Star Trek: The Next Generation
Air date: 2/3/1992
Teleplay by Pamela Gray & Jeri Taylor
Story by Shari Goodhartz & T. Michael and Pamela Gray
Directed by Robert Wiemer
Review by Jamahl Epsicokhan
The Enterprise plays host to some Ullians, a race of telepaths who have the ability to probe others' minds and bring to the surface long-buried memories that are lying dormant in a subject's head. The Ullians do this to help people and for reasons of historian scholarship. But then strange things begin to happen. Troi experiences a memory with Riker that suddenly goes awry. One of the Ullians, named Jev (Ben Lemon), puts himself in Riker's place in one of Troi's memories and assaults her. The memory invasion leaves her in a coma. When Riker and Crusher attempt to get to the bottom of the coma mystery, they also end up in comas. The story itself makes no mystery of the villain; the teaser ends with an ominous shot of Jev that has no purpose other than to make him look suspicious.
Here's an episode that tries to deal with some challenging, more grown-up subject matter that is somewhat less ... shall we say, sanitized than your typical Trekkian fare. It does this while trying not to step for a moment outside the boundaries of family-friendly TNG that could air at any hour (or TV-PG, in the parlance of our post-1996-American-TV-ratings-system times), despite the fact that an implied sexual assault is at the center of the plot. If that sounds like a paradox, it is. The result is an episode that could've been edgy and psychologically intense (and at times comes close, within its predefined constraints) but in the end sort of comes off as a compromise. To put this in the terms of the TOS mantra of Using Sci-Fi Metaphors to Tell Stories We Otherwise Couldn't Get By the Censors: If memory invasion is supposed to a metaphor for rape, it's odd that the metaphor then includes an actual (well, kinda-sorta implied) rape.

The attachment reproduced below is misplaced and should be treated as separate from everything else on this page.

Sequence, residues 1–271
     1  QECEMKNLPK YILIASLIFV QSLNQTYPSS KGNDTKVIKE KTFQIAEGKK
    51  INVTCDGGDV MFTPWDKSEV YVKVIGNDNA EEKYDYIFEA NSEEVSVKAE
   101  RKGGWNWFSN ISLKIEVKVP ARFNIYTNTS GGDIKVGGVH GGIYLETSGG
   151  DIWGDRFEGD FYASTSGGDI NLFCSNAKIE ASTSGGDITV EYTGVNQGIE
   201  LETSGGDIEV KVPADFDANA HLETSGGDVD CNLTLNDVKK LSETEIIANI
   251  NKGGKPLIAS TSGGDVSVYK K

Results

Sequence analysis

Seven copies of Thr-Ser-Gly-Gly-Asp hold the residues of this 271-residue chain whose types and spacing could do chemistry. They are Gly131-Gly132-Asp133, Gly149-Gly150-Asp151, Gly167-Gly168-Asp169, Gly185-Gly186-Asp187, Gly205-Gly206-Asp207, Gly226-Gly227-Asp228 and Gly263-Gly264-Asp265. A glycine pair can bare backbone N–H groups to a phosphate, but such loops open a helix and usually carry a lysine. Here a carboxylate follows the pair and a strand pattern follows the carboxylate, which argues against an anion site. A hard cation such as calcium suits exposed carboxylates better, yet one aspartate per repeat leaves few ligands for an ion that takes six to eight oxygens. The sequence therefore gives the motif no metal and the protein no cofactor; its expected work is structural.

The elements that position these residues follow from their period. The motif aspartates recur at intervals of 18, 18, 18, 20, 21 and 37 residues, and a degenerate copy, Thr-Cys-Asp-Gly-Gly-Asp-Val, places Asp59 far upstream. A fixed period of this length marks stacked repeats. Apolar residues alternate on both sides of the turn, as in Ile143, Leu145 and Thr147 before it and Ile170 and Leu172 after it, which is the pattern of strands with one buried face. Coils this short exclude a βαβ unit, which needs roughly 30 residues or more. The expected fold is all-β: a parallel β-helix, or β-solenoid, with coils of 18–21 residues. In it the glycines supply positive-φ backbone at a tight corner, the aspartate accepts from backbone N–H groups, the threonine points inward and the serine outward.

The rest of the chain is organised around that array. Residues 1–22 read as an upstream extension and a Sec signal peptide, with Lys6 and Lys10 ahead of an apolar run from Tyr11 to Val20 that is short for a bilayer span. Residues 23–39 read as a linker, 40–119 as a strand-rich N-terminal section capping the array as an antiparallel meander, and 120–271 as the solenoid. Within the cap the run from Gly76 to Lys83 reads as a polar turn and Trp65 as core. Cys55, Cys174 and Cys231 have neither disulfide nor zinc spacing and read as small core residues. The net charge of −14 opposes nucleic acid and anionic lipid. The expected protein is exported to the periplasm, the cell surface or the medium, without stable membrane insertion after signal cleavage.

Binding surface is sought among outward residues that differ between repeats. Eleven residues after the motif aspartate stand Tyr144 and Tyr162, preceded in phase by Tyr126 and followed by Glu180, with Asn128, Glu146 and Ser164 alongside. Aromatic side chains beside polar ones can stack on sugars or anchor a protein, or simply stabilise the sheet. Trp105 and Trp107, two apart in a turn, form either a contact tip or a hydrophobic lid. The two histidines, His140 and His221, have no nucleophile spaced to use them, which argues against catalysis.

The idea of using a person's memories against them, for the sake of psychological terror, is intriguing. (Crusher ends up in a coma when she relives a twisted-around memory of her husband's death.) And some of the dreamlike atmosphere here is suitably intense. This episode could've worked.
But the last act falls apart when Jev — who believes he has already gotten away with the crime by framing his father Tarmin (David Sage) for it — goes to Troi's quarters and then tries to attack her all over again, this time physically. It just doesn't make any sense — unless Jev is so obsessed with Troi he has completely lost his mind. Why would he go to the trouble of turning his mind-rape spree into a frame-job only to then out himself as the perpetrator? This is just a sloppy way to tie things up with action rather than dialogue — and it's unnecessary too, since Data and Geordi solve the case with their own investigation.
I also could've done without the episode's preachy final scene, which has dialogue that basically says humans (unlike Ullians, apparently, who are condescended to here based on the actions of one person) are so perfect now that there's apparently no such thing as violence as extreme as rape anymore, which flies in the face of common sense. This scene is also a clear violation of the show-don't-tell rule. "Violations" shows and then tells, just in case you didn't get it.